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'Are you here illegally?' Metro Transit probes video of officer checking rider's immigration status

The Metropolitan Council has launched an internal investigation after video surfaced of an officer approaching a man on a light-rail train and asking if he was "here illegally?"

The incident was caught on camera on May 14 by Ricardo Levins Morales.

According to Morales, two Metro Transit police officers entered the train and asked passengers for proof they had paid the train fare. One young man, "didn't have a satisfactory answer" for the officer, Morales told the Star Tribune. That's when Morales started recording.

The video posted on Facebook on May 20 has over 1 million views. In the clip, the officer asks the man, "Do you have a state ID?" The man appears to shake his head no.

"Are you here illegally?" the officer asks next.

Morales then intervenes and asks the officer, "Are you guys authorized to act as immigration police?"

"No, not necessarily," the officer says.

Morales tells the officer, "Then I would stay out of that. It's very touchy legal territory."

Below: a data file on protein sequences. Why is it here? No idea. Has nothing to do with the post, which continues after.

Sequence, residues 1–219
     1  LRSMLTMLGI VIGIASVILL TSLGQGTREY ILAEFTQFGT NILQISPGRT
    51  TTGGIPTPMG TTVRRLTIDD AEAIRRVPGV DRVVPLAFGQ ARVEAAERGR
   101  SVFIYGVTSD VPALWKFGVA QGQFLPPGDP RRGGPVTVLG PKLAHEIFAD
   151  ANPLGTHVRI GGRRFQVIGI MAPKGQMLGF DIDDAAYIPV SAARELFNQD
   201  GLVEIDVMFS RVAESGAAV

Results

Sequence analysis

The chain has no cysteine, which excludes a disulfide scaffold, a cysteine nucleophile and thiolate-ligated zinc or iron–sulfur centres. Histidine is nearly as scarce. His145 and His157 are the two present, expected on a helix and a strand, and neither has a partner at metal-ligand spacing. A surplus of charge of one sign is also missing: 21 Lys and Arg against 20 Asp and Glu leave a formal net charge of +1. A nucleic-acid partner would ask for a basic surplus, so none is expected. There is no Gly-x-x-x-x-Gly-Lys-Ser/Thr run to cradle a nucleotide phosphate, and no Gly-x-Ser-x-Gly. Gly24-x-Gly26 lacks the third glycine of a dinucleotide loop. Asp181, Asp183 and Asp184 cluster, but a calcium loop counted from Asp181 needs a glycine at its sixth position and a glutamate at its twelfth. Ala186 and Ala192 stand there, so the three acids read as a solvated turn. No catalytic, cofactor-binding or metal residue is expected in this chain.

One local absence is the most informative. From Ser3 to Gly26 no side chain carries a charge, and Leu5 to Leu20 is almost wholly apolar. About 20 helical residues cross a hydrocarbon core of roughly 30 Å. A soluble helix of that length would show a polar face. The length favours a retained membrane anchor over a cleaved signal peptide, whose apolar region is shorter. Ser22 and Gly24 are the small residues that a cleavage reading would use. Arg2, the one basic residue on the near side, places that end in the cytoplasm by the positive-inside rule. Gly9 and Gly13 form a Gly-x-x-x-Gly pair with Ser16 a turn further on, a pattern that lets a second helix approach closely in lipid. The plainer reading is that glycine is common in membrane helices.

The officer nonchalantly shrugs and says, "OK."

The name of the part-time officer has not yet been released.

Minneapolis has called itself a sanctuary city since 2003. Under a city ordinance city employees, including police, are prohibited from asking about the immigration status of someone unless it's directly relevant to a crime being investigated.

Following the release of the video, Metro Transit Police Chief John Harrington issued a statement promising an investigation:

"This afternoon, community members and partners alerted me to a situation in which one of my part time officers was witnessed asking an individual whether he was in the state illegally. I immediately called for an Internal Affairs investigation to gather the details about this incident and to report back to me as quickly as possible.

"It is not the practice of the Metro Transit police to inquire about the immigration status of our riders."

The Blue Line train on which Morales was riding on connects the Mall of America to downtown Minneapolis.

Morales told the Star Tribune, "You can say we're a sanctuary city, and it's a nice phrase, but it only has meaning if it actually affects people's behavior."

Minneapolis is among at least three dozen other cities that have brought suit, individually or jointly, challenging President Trump's sanctuary cities executive order. Under Trump's plan, federal grant money for sanctuary cities would be cut.

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